Romantic Transfer: From Science to Social Ideologies
CitationChen, Chen. 2017. Romantic Transfer: From Science to Social Ideologies. Doctoral dissertation, Harvard Graduate School of Education.
AbstractThe transfer of learning is arguably the most enduring goal of education. The history of science reveals that numerous theories transfer from natural-science to the socio-political realm, but educational practitioners often deem such transfers romantic and rhetorical, ignoring the opportunities and challenges such transfers may hold. In terms of opportunities, romantic transfer encourages students to relate science to events in social life and further to discover new ways to understand social issues and propose social hypotheses. In terms of challenge, romantic transfers are often based on superficial and even imprecise understandings of science and depend on oversimplified labels and metaphors. In many cases, the romantic transfers are imaginative. Although logically romantic transfers are based on analogical resonance, empirically they are hardly proven to be valid. Nevertheless, when students imagine social and ideological implications of the hard science terminologies and theorems, they are at risk for considering the emergent ideologies as proven by hard sciences that are often considered authoritative, objective, and universal. Literal understanding of science-inspired by still unexamined ideologies can lead to maladaptive and even dangerous social actions. Because many of the romantic transfers are interdisciplinary and controversial, teachers may avoid explicit discussion about romantic transfer with students, and do not wish to assume responsibility of doing so. However, the question remains whether avoiding explicit discussion and debates about romantic transfer would inhibit students from spontaneously romanticize science concepts. This dissertation presents four studies that systematically investigate questions of romantic transfer—informal, emergent, and metaphorical boundary transections from natural science to social ideologies that often occur unexpectedly.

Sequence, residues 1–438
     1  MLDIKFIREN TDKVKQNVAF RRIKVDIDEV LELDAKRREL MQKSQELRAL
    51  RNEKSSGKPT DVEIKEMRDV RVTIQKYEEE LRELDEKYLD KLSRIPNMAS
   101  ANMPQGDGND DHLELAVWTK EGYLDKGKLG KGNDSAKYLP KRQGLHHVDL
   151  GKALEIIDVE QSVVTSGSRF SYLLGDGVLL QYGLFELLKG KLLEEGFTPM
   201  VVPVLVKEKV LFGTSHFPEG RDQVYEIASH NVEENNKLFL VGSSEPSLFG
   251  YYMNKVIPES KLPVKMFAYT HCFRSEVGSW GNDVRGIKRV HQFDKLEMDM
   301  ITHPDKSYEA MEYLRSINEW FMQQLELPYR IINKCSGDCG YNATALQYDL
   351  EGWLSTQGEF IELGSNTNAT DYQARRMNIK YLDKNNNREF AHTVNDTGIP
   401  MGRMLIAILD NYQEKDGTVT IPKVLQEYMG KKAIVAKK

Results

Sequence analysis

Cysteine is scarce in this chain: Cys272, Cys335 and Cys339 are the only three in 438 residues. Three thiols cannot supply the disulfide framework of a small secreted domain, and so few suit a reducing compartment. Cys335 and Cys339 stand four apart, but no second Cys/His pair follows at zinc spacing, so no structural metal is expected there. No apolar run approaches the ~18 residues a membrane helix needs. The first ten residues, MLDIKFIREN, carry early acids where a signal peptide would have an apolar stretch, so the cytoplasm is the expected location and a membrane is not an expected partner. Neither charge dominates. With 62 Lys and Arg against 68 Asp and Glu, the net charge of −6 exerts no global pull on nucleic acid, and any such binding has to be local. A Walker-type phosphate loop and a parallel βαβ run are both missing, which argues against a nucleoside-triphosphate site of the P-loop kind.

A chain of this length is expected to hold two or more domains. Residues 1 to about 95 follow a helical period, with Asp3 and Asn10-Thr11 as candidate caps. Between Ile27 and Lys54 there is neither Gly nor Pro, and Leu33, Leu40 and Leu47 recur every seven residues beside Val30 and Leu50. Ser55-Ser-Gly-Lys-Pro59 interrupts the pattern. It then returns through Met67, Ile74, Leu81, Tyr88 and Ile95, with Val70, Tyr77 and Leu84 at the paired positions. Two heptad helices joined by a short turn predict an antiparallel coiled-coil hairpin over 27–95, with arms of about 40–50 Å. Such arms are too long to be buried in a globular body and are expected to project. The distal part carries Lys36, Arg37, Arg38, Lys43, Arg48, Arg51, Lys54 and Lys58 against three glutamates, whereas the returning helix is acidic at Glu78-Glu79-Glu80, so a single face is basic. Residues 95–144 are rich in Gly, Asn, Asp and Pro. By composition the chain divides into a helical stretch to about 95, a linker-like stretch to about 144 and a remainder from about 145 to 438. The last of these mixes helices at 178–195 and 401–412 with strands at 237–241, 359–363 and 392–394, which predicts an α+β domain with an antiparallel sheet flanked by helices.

My first study shows that participants who scored high in transferential thinking style also scored high in scientism beliefs and that participants who scored high on both tend to give literal interpretations to (religious) text. Following, my second study shows that students who reviewed the conservation of energy in physics are more likely to believe that luck is conserved, a naïve karmic religious idea. My third study shows that students are able to transfer spontaneously from theories in physics to more politically charged contexts. Specifically, students who learned the theory of entropy are more likely to prefer tightened social control, whereas students who learned self-organization theory are more likely to prefer stronger individual agency and relaxed social control. Study-4 involved interviews with the participants from Study-3 and shows that students’ narratives about social control are largely consistent with the thermodynamic concepts they have learned. Occasionally, students can critically evaluate the plausibility of their romantic transferences.
This dissertation shows that science instruction implicitly empowers students to make social hypotheses and to engage in moral-civic-political discourse. To consider pedagogies that respond to such an opportunity without falling victim to hasty generalizations, we need both science and civic educations to equip students with the methods to examine self-generated social hypothesis. We also need pedagogies that promote the awareness and tolerance of metaphors to offset the dangers of literalism.
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